How to Lose Fat Without Losing Muscle
Everything you need to know about how to train, what and when you should eat, and the importance of a better night's sleep.
When most people talk about trying to lose weight, what they are really trying to do is lose fat.
The problem is, that requires not losing muscle—which your body naturally does when you’re in a caloric deficit. And a caloric deficit is a requisite for fat loss; you can’t lose fat without taking in fewer calories than you burn per day, says Abbie Smith-Ryan, director of the Applied Physiology Laboratory at University of North Carolina at Chapel Hill.
“If you achieve a caloric deficit to lose weight solely by cutting calories, you will lose a similar percentage of weight from fat as from muscle,” adds Heather A. Milton, senior exercise physiologist at NYU Langone’s Sports Performance Center. Which could make dieting even less attractive than it was before.
Meanwhile, a caloric surplus—eating more calories than you burn per day—is required to build muscle. Think of building muscle like laying bricks: If you want to build it up, you’re going to need more bricks. But then again, we get back to the problem of needing to get remove bricks, Jenga-style, for weight loss.
“However, you can manipulate the way the two types of body tissue, fat and muscle, are being lost during a caloric deficit by creating that deficit in a different way,” Milton says. These strategies of manipulation are plentiful—and while each helps on its own, they are most powerful when performed in concert. Here are the steps you should take.
Cut fewer calories
Obviously, if just cutting calories is going to result in so much muscle loss, you want to back away from any low-calorie diet. “In general a female should reduce calories by about 300 to 400 calories and males about 400 to 600 calories,” says Bill Campbell, director of the Performance and Physique Enhancement Laboratory at the University of South Florida. “A better way to approach this is to determine what one’s maintenance calories are, and then reduce this amount by approximately 25 percent.”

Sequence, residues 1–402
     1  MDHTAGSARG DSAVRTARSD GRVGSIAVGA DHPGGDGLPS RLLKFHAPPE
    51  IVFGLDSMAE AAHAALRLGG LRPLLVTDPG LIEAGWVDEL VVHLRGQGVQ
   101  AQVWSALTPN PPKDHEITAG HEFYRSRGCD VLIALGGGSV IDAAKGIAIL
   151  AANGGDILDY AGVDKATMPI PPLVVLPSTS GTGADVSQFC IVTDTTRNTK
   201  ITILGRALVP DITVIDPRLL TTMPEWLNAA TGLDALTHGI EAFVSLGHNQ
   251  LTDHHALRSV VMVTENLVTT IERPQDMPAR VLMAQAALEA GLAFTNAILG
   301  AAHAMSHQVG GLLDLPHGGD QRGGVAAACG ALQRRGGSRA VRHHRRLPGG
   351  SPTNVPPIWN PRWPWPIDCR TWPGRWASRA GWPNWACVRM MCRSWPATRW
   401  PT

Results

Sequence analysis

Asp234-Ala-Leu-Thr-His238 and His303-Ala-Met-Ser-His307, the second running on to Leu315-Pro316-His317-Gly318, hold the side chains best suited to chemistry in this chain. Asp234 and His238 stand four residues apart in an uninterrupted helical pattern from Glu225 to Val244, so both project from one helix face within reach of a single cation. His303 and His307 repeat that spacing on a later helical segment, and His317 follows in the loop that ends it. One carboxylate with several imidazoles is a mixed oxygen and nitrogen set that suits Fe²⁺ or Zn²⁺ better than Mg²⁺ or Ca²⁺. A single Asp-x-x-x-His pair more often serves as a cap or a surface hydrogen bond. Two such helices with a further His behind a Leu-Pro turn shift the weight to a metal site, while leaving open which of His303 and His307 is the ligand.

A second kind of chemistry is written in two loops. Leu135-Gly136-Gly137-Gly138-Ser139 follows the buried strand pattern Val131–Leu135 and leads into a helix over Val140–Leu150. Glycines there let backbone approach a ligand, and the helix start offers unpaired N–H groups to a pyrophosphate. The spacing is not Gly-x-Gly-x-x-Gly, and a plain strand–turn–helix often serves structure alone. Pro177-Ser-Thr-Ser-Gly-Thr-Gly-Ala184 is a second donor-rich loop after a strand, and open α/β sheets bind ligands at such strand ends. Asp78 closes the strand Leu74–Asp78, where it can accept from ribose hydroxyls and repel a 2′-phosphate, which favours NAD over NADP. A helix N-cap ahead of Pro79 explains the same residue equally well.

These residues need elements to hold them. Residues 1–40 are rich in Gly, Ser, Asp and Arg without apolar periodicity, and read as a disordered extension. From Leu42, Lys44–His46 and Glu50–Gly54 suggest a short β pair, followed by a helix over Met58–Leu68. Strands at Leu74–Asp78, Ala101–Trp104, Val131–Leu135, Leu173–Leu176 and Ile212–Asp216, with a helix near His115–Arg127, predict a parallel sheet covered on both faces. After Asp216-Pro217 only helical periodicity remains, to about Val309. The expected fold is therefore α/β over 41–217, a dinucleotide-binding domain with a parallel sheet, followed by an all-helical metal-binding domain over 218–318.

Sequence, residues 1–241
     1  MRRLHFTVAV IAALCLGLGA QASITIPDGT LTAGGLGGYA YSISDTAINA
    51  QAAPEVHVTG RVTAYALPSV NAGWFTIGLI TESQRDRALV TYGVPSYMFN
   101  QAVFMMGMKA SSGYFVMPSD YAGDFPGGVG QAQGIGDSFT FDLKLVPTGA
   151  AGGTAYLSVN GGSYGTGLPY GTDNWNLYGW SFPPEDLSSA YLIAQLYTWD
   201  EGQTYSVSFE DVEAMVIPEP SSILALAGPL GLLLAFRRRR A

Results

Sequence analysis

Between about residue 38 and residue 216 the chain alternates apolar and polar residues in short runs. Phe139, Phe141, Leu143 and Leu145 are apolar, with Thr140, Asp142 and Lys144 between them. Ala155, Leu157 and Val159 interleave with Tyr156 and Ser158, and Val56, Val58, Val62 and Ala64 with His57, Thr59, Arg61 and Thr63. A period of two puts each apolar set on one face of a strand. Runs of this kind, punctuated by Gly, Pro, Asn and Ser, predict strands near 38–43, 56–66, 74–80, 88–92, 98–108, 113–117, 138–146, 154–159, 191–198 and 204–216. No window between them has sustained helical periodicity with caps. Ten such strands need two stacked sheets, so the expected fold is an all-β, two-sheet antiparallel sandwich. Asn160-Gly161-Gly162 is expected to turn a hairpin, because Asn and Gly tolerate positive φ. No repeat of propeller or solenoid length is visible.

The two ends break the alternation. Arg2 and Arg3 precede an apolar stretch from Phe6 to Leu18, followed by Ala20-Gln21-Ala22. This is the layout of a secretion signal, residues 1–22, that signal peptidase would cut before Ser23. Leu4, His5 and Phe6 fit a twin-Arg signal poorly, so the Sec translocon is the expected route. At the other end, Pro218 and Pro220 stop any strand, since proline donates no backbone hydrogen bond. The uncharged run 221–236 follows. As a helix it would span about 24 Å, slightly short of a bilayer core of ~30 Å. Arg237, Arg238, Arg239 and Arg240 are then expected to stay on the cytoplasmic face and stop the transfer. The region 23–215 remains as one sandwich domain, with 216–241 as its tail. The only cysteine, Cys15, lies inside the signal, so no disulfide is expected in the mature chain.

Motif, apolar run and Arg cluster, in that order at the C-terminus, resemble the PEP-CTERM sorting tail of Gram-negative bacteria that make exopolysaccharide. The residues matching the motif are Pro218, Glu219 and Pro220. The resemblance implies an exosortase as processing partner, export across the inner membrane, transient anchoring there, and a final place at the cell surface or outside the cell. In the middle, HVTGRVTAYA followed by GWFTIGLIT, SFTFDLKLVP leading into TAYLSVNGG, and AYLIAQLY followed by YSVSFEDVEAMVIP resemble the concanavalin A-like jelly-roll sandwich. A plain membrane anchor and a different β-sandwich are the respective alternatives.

Maintenance calories are the number of calories you need to eat per day to maintain your weight at any given time, factoring in things like exercise, which we'll get to later. While the most accurate way to determine how many calories you burn per day is to spend 24 hours in a laboratory’s metabolic chamber—a room that measures the ratio of carbon dioxide in the room— the Mayo Clinic has an online tool for roughly estimating your maintenance calories. (Choose "I Want to Maintain My Current Weight.") Multiply that number by 0.75, and that's a pretty good target for losing weight slowly, he says.
That’s right: A small caloric deficit will help you lose weight slowly, which will help reduce the amount of fat-free mass that you lose, Campbell says. For example, in one study, athletes either lost 1.4 percent of their body weight per week (for a 200-pound person, that would equal 2.8 pounds per week) or 0.7 percent of their body weight per week (for the same 200-pound person, that would equal 1.4 pounds per week). Both groups lost the same amount of total weight, but while the fast weight-loss group lost 7 pounds of fat and 0.66 pounds of lean mass, the slow weight-loss group lost 11 pounds of fat and gained 2 pounds of lean mass.
Perform total-body strength training.
“The type of exercise you select is very important,” Milton says. “Cardiovascular exercise works on aerobic muscle fibers, which will increase oxygen extraction, but not necessarily change muscle mass. And you may still lose muscle mass if that's the only way you’re trying to lose weight.”
However, while strength training is most famous for building muscle while in a caloric surplus, myriad studies show that resistance training is effective at attenuating declines in muscle mass when in a caloric deficit.
Milton explains that, unlike aerobic exercise, strength training—especially heavily-loaded strength training—primarily recruits type 2 muscle fibers, which contribute to muscle mass preservation and gains. Strength training also triggers the short-term production of hormones such as human growth hormone and testosterone that aid in muscle retention and building.
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“At a minimum amount, people should perfect whole-body resistance training three days per week,” Campbell says. “Ideally, however, they should strength train five to six days per week, splitting their schedule into upper-body days and lower-body days.” What’s more, to make sure that you are optimally stimulating muscle growth, Smith-Ryan recommends performing loading exercises with roughly 80 percent or more of your 1RM, or the max weight that you could lift for one rep. Aim to perform 6 to 8 reps of each exercise in your workout routine, staying on the lower end for compound exercises and the higher end for single-joint isolation work.